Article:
What Causes Nightmares?

Instructor: Michael Quist

Michael has taught college-level mathematics and sociology; high school math, history, science, and speech/drama; and has a doctorate in education.

Your subconscious mind can be both wonderful and terrifying. We often wander into strange places and experiences when we sleep. In this lesson, we'll discuss what causes nightmares, our most disturbing sleep experiences.

What are Nightmares?

It's safe to say that scary movies are popular. Whether it's a group of teenagers being terrorized by a chainsaw-wielding maniac or an evil ghost climbing out of a television, they stimulate us, makes us feel alive, and give us a chance to cling to that significant other in the next seat. Of course, if they get too scary, we can turn them off, walk out, or hide our eyes. In our dreams, however, this is not the case. If the carnival ride through our dreams gets scary, we seem to be stuck on the ride until it ends.

A nightmare is a bad dream that causes intense negative emotions, such as fear, sadness, or anger. Nightmares are common among children, often beginning before they turn ten years old, and may continue into adulthood. Occasional nightmares are considered normal, especially during stressful or difficult times in life, and medical professionals generally recommend treatment only if they begin to interfere with life during the day or with getting enough sleep.

Understanding Nightmares

To understand nightmares, it helps to step back and think about what dreams actually are. Of course, to understand dreams we have to step back further and look at the way thoughts happen.

Your brain started developing its web-like map of information pathways before you were even born, making connections between your genetic blueprints (which you got from both your father and mother) and your experiences. Every time your senses noticed something, even before birth, your brain would shape itself to adapt to the new information. After you were born, the pace of new experiences became more rapid, and your brain continued to expand, forming the mind of the person you are now.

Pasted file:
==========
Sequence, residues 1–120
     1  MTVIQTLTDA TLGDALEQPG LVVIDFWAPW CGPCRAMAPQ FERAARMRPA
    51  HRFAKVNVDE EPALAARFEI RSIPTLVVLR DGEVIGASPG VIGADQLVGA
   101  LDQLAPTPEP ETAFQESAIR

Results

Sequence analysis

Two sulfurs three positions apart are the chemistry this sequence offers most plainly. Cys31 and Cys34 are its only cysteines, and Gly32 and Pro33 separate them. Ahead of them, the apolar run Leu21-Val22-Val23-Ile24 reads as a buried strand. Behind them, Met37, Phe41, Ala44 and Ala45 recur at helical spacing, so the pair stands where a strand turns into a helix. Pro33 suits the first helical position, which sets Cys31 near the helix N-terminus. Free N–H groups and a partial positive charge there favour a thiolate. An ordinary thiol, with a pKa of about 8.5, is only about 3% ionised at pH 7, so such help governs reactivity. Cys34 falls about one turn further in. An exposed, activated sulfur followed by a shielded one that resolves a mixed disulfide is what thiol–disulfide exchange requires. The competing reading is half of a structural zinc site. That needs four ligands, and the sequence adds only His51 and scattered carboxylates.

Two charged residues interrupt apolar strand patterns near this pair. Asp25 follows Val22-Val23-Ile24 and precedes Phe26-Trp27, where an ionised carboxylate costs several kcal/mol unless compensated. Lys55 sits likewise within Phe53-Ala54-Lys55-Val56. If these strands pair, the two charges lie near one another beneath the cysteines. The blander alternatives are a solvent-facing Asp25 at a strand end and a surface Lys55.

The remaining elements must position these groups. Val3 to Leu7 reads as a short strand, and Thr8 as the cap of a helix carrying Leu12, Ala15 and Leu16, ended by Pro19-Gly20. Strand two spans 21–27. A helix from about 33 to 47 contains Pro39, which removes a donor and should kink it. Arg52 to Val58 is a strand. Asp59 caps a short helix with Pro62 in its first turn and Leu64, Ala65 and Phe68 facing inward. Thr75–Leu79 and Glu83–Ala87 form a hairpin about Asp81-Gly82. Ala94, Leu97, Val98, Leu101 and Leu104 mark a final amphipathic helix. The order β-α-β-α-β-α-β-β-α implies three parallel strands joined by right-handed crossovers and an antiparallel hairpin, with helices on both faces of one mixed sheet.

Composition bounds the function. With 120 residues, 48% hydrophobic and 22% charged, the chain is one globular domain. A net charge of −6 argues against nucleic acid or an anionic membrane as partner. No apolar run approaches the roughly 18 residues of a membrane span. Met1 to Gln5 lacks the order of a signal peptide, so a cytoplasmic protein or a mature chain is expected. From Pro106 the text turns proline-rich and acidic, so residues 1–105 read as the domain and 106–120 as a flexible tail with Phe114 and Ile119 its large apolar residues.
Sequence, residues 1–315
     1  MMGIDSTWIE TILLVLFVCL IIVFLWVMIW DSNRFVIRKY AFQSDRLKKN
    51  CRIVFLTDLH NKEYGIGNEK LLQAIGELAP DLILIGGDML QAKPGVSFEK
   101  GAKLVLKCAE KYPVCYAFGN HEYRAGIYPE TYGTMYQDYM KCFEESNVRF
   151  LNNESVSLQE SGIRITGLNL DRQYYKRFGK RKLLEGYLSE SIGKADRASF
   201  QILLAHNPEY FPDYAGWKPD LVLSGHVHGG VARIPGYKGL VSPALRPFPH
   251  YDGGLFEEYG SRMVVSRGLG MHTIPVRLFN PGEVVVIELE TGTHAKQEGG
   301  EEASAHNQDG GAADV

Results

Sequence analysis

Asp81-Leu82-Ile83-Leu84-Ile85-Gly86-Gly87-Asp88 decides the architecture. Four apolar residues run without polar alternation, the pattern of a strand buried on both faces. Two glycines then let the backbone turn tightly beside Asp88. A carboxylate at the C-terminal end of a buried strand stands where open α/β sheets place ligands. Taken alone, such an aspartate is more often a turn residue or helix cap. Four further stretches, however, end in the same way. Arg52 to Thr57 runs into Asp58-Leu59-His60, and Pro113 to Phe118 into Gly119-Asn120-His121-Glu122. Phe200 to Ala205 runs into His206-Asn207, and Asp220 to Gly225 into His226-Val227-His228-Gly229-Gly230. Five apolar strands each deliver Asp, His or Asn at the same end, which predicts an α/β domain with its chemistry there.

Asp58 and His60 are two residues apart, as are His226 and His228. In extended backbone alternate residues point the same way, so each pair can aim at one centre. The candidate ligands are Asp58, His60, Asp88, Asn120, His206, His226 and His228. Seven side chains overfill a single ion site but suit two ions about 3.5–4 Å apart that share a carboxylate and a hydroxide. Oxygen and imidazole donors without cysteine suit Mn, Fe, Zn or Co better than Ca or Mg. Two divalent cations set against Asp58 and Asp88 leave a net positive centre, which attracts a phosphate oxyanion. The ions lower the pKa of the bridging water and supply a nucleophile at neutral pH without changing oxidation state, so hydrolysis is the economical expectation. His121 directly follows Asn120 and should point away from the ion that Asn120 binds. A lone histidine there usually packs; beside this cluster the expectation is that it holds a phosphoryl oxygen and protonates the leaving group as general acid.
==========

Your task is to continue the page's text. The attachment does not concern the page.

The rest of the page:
Psychologists have pointed out that we have several layers of memory and thought within our minds. Some layers are buried farther back, while others are up front. The ones in back are hard to get to. They're the memories that come up when we smell a certain fragrance or hear a certain song. They're decisions or conclusions we reach when we didn't even know we were thinking about them. They're the hidden fears and resentments that cause us to do things we don't want to, hurting people that we want to love.

Dreaming is the mind's way of sorting things out. Like the truest parts of our waking thoughts, dreams communicate in pictures and experiences, rather than depending on words. Rich in metaphors, they set symbols before us in the ways that the mind really thinks, rather than the comfortable packages we try to put our thoughts into during the day. Dreams speak the truth about what we're thinking and feeling, although the messages can certainly be lost to our conscious mind.

So why are some dreams so awful that they cause us to wake up terrified and never want to go to sleep again? Why would our minds give us images so sad that we wake up crying, or so horrific that we wake up enraged? The answer is a strange mix of mystical biochemistries.

Every thought is an energized set of connections among the neurons (signal carriers) in our brains. Sort of like connections on a huge flexible circuit board, our neurons build up small chemical packets of energy in intersections all over our brains, causing certain connections to 'fire' (communicate). When those connections fire, thought processes happen. Something gets stored in memory. Your finger moves. A picture appears in your mind. You remember an aroma from twenty years ago.

During a nightmare, your neurons go into overdrive, processing emotions and perceptions at an extreme level. The dreams are yours, but they are out of control, causing stressful emotional responses in your mind. Instead of remembering that Mommy got angry when you were two years old, you see a terrible ogre with long fingernails tearing at your flesh. Instead of the fear of making a mistake in your presentation tomorrow, you experience your embarrassment as you appear in front of the stockholders or PTA meeting with no agenda and no clothes.

Why They Happen

Why does your mind get into this weird chemical state?

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